|Matthew Henry's Concise Commentary|
20:1-9 Zophar's discourse is upon the certain misery of the wicked. The triumph of the wicked and the joy of the hypocrite are fleeting. The pleasures and gains of sin bring disease and pain; they end in remorse, anguish, and ruin. Dissembled piety is double iniquity, and the ruin that attends it will be accordingly.
Verse 4. - Knowest thou not this of old, since man was placed upon earth? These words scarcely "imply cognizance of the record (of the creation of man) in Genesis," as Canon Cook suggests; but they do imply belief in a creation of man, not an evolution; and in the existence of a continuous tradition, extending from that time to Job's. The passage is among those which make for the high antiquity of the book.
Gill's Exposition of the Entire Bible
Knowest thou not this of old,.... Or "from eternity" (g), from the beginning of time, ever since the world was; as if he should say, if you are the knowing man you pretend to be, you must know this I am about to observe; and if you do not know it, you must be an ignorant man, since it is an ancient truth, confirmed by all experience from the creation; not that Job could know it so early, he was not the first man that was born, nor was he made before the hills, but was of yesterday, and comparatively knew nothing; but the sense is, that this about to be delivered was an old established maxim, of which there had been numerous instances,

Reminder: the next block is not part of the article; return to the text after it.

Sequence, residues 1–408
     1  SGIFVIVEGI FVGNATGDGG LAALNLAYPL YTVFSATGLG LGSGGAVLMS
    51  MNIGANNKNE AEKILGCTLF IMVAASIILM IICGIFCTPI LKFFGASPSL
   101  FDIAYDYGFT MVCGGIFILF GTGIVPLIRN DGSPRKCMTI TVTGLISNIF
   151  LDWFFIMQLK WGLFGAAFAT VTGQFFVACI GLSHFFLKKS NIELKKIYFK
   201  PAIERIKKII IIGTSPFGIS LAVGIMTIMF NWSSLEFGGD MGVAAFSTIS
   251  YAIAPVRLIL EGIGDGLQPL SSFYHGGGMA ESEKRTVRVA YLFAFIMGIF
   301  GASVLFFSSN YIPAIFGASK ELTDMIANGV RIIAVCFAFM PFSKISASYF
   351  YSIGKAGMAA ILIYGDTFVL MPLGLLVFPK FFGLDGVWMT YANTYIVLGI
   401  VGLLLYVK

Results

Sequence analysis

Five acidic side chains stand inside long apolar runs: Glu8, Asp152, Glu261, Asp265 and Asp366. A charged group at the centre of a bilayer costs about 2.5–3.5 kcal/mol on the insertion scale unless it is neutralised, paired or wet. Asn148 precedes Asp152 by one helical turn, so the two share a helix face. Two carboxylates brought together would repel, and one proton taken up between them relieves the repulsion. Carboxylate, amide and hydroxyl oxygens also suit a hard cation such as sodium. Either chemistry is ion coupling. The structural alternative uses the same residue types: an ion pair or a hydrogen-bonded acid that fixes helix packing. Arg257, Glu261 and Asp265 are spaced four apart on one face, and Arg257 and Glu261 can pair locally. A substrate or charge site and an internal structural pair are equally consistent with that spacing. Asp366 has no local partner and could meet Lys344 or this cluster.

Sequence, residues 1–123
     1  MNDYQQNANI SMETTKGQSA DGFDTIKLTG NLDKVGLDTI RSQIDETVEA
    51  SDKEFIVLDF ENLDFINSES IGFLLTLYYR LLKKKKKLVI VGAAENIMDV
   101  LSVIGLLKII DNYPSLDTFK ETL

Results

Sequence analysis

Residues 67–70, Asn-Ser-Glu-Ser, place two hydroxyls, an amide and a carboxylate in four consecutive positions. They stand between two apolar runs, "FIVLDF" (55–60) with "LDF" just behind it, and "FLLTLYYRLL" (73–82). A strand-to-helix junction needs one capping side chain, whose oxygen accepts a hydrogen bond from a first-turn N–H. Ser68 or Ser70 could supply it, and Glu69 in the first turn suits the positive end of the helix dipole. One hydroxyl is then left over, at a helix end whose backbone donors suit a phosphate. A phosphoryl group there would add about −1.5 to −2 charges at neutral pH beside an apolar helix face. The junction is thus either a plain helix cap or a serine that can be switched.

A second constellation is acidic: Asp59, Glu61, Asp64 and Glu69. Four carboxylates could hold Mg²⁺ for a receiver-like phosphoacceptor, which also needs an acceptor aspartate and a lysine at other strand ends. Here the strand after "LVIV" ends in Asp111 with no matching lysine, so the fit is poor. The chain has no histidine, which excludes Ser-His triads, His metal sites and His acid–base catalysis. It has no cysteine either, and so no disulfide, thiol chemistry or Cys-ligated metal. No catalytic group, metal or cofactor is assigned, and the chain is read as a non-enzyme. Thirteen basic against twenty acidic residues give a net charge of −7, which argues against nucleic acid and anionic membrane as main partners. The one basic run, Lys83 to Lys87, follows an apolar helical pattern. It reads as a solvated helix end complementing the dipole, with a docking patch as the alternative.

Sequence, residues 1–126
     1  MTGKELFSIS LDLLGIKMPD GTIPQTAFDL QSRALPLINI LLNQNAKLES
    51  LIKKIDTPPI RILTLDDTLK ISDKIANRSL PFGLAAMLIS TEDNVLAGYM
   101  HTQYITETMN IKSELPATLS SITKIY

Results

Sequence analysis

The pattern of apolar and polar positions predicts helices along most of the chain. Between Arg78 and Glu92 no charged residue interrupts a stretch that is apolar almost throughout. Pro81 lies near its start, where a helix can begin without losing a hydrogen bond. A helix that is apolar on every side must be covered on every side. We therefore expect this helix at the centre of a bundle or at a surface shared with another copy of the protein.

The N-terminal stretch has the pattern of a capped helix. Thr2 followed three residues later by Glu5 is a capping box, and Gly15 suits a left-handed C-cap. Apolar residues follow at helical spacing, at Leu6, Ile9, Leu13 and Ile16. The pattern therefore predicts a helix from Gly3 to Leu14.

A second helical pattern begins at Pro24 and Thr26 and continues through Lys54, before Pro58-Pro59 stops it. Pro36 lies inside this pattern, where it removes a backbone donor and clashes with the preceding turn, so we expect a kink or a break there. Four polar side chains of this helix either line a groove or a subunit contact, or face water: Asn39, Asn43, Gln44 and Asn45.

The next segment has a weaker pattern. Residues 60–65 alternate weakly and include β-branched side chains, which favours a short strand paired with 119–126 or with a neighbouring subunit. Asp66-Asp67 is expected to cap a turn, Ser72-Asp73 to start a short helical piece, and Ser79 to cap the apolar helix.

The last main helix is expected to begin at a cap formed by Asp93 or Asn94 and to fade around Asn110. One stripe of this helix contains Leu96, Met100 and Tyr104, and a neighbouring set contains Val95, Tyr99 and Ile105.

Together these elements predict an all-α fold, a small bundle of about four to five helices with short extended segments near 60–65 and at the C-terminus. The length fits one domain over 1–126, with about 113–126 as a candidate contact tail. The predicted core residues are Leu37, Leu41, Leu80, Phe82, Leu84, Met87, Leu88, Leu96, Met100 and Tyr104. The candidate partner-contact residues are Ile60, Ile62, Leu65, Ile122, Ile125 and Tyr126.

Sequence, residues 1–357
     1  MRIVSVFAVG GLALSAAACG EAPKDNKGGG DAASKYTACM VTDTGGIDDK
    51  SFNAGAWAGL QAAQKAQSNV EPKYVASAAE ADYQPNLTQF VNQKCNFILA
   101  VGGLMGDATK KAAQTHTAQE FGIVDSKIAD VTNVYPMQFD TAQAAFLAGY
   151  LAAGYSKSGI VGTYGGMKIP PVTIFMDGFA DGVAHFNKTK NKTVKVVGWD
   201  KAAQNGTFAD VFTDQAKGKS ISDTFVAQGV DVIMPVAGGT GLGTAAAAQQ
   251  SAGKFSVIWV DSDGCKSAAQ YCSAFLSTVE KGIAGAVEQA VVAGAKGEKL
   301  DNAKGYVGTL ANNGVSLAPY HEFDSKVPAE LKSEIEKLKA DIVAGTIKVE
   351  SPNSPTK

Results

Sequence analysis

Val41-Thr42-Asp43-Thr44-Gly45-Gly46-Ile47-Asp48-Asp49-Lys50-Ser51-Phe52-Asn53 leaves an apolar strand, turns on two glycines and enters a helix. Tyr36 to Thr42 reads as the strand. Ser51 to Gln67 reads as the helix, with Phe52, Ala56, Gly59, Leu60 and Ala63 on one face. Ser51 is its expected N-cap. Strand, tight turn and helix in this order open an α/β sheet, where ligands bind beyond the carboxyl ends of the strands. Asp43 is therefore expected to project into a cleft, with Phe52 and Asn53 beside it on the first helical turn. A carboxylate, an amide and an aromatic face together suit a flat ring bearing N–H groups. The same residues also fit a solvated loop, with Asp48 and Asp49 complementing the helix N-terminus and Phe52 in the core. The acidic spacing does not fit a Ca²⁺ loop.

since man, or "Adam",
was placed upon earth; referring to the putting of Adam in Eden to dress the garden, and keep it; and every man, ever since, is placed on earth by the ordination, and according to the will of God, where and for purposes he pleases: the instances Zophar might have in view are perhaps the expulsion of our first parents out of paradise, the vagabond state of Cain, the destruction of the old world by a flood, and of Sodom and Gomorrah by fire from heaven; which show that God, sooner or later, gives manifest tokens of his displeasure at sin and sinners, by his punishment of them for it. What he means is as follows.
(g) "ab aeterno", Junius & Tremellius, Drusius, Codurcus, Schmidt, Michaelis.
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